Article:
Insects, imitation meat to cut environmental impact of livestock

Insects, imitation meat to cut environmental impact of livestock.

Insects and imitation meat are the best alternatives to real meat in tackling the huge and growing environmental impact of livestock on the planet, new research has shown.

The world’s appetite for meat is rising fast as incomes grow but the resulting greenhouse gas emissions, already 12% of the total, are also soaring and taming global warming will be impossible unless the trend is reversed. Rising demand is also leading to more of the world’s natural areas being converted to farmland, a key factor in the mass extinction of species currently unfolding.

Globally, twice as much land is used to raise cattle, pigs and other animals than is used to grow crops. Furthermore, a third of those crops harvested are fed back to livestock. The new research is the first systematic comparison of the environmental impact of various sources of food, and found that imitation meat and insects are vastly more efficient than raising livestock.

The work, published in the journal Global Food Security, found that if half of traditional animal products were replaced by imitation meat or insects the land required to produce the world’s food would be slashed by a third. However, the researcher found that another alternative – lab-grown meat – did not show such big advantages.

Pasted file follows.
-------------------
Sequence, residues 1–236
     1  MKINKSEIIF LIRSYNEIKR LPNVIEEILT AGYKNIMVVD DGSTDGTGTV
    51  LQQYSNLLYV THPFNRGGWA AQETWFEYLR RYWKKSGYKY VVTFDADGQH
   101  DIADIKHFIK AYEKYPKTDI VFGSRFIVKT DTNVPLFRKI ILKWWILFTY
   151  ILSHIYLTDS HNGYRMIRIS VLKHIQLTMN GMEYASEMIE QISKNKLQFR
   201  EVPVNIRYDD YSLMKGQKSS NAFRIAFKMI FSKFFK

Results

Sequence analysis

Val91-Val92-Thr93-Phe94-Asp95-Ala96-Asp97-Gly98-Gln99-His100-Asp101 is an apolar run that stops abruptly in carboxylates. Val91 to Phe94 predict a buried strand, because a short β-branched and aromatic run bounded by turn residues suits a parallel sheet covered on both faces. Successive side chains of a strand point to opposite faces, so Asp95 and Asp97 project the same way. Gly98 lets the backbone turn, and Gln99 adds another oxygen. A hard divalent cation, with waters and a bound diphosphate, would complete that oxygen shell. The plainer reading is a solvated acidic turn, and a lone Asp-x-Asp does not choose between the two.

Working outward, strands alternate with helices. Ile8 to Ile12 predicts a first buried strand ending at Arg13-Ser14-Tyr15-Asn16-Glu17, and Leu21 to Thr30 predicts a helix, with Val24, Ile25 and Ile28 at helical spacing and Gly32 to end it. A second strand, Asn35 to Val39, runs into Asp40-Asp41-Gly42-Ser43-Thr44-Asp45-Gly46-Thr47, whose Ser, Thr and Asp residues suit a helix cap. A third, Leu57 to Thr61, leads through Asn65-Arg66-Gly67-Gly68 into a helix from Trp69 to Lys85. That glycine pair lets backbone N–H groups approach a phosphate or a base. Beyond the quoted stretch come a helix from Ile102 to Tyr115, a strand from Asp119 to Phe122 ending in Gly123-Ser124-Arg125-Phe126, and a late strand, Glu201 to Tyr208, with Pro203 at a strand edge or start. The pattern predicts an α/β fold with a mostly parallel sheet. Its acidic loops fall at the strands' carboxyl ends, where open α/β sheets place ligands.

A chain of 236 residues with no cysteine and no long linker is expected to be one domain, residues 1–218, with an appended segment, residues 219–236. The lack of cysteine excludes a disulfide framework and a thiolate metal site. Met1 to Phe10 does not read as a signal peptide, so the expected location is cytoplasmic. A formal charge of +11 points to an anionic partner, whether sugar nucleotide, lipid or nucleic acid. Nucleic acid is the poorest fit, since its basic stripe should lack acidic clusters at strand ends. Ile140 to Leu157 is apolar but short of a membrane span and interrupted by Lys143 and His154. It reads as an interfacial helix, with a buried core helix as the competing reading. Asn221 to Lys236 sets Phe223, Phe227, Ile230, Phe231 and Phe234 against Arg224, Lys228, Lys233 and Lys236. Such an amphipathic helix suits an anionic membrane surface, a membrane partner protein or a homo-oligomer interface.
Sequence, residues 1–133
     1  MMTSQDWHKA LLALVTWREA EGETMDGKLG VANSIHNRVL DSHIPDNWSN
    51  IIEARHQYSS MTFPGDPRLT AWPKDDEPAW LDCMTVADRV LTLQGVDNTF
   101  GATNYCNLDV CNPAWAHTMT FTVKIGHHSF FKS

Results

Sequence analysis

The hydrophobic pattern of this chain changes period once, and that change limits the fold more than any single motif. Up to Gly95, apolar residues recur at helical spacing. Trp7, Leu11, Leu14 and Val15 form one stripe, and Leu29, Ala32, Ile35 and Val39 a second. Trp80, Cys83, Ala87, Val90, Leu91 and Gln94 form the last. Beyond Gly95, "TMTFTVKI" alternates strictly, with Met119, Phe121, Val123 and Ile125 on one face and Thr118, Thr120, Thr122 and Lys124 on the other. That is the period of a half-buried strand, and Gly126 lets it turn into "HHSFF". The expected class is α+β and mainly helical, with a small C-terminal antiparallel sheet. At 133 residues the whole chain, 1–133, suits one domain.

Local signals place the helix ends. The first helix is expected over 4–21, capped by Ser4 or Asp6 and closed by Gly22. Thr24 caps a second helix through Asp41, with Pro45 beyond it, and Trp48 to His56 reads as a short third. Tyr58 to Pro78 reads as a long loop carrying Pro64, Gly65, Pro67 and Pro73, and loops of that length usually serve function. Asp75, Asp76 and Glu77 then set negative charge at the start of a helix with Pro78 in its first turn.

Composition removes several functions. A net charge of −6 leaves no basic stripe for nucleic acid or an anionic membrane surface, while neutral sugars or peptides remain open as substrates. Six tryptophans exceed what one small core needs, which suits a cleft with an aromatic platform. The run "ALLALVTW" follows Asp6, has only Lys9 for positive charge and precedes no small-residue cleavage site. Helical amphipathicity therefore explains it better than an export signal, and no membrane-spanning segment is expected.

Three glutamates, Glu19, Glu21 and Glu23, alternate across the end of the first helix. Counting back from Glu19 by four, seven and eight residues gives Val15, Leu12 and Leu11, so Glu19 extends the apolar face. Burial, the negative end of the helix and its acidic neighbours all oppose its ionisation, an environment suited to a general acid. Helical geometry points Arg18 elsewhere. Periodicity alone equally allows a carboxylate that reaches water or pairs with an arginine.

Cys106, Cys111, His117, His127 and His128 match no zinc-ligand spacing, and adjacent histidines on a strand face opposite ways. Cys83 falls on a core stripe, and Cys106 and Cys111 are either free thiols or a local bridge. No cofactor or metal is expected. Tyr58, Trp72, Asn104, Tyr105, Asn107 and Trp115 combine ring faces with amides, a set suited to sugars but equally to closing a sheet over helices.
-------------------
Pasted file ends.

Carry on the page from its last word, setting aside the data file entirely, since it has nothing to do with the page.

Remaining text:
Peter Alexander, at the University of Edinburgh in Scotland and who led the new research, acknowledges that eating insects is a challenging idea in western nations. But more than 2,000 species of insects are eaten by people across 119 nations today, including crickets and mealworm larvae.

“It is very widespread, especially in Asia, and not seen as unusual in those cultures,” said Alexander. “We are not trying to mandate or even suggest some policy that you eat insects every day [but] our work indicates the potential benefits that are there.


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